Locast updates the travel experience with a new vision of augmented reality
par Elsa Sidawy | 08.30.10
The project Locast Travel from the MIT (Massachusetts Institute of Technology) Mobile Experience Lab is advancing augmented reality and the tourism experience by helping travelers plan their itinerary according to their interests, and making them both producers and consumers of content.
Locast Travel allows users to access video content that corresponds to their location in a city. Once they register on the Locast platform, directly on the site or via Facebook, and download the application, the visitor can watch videos produced by both the official media and other visitors and inhabitants at or about their current location, identified automatically by the mobile phone’s GPS. Users can then in turn produce videos that will be integrated into the network.” It is therefore possible to watch what has been produced by the official media while checking out the experimental info produced by locals and tourists,” Dr Federico Casalegno, project manager at MEL, remarked. “We tried to rethink the idea of space 2.0: A new vision for augmented reality whose idea is to distribute content in the area and make it accessible.”
Four phases to make the visit a complete experience
The first phase of this experiment took place in Venice, in partnership with RAI, Italian state television, which provided images from his archives. “The project idea was to mix the community of tourists with local inhabitants, so as to preserve the local memory of Venice,” says Federico Casalegno.
For this, the Mobile Experience Lab researchers divided the tourist experience in four phases: the first is the at-home preparation where they map their interests. The content is then downloaded to their mobile so they can continue preparing for the trip by plane, for example, while having access to ancillary information such as weather, exchange rates, and public transport timetables which help them get smoothly from the airport to their hotel. During this period, they can also watch videos downloaded as podcasts to help map their future route in the city. When on the ground, the phone alerts users when video content is available related to their shortlisted interests. The concept of augmented reality is not new, but this device makes choices that are based both on location and the user’s taste. Finally, the user can share their own travel experience through social networks, like Facebook and Twitter.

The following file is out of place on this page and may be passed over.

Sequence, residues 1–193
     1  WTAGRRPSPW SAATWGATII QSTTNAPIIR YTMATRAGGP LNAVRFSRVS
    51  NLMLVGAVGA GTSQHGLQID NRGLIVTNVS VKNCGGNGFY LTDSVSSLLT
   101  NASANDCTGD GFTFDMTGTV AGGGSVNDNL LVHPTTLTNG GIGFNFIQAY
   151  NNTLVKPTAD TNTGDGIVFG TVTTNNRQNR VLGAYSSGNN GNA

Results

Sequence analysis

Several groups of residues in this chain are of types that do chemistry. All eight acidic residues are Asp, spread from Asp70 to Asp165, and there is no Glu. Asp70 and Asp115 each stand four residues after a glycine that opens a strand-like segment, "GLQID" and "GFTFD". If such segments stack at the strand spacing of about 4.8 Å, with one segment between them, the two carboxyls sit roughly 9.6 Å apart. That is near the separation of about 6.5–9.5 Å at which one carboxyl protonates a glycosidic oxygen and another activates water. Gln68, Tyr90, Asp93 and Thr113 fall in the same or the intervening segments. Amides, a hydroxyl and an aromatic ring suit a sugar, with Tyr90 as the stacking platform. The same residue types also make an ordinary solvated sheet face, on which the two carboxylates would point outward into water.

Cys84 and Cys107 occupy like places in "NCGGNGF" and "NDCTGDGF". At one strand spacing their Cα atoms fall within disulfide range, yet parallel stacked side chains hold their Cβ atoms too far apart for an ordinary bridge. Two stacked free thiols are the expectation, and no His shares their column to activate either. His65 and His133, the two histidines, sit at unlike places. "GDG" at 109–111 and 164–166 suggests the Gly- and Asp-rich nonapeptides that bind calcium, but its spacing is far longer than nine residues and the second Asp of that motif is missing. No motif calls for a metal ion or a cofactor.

For those who do not have a mobile
The Wearable is a communicating object, conceived as part of the project, so as not to disadvantage those who do not have a suitable mobile. When it hits the stores (it is still at the prototype stage), this portable tool will offer visitors the opportunity to experience another way of sightseeing: the videos are geotagged and the Wearable, with its digital compass and sensors, will vibrate when the user moves to a place connected to a video. When visitors return back home, this tool can be used like any digital photo frame disseminating photos and videos taken during the stay. The moving object could even be offered as gifts to friends who can share the experience by making the same journey.
The first phase of the project was carried out with Nokia, but should be picked up by iPhone and Android platforms as well. Locast will be available at several other Italian cities next and “maybe soon French and Spanish cities,” Federico Casalegno hopes.
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Translated by Genny Cortinovis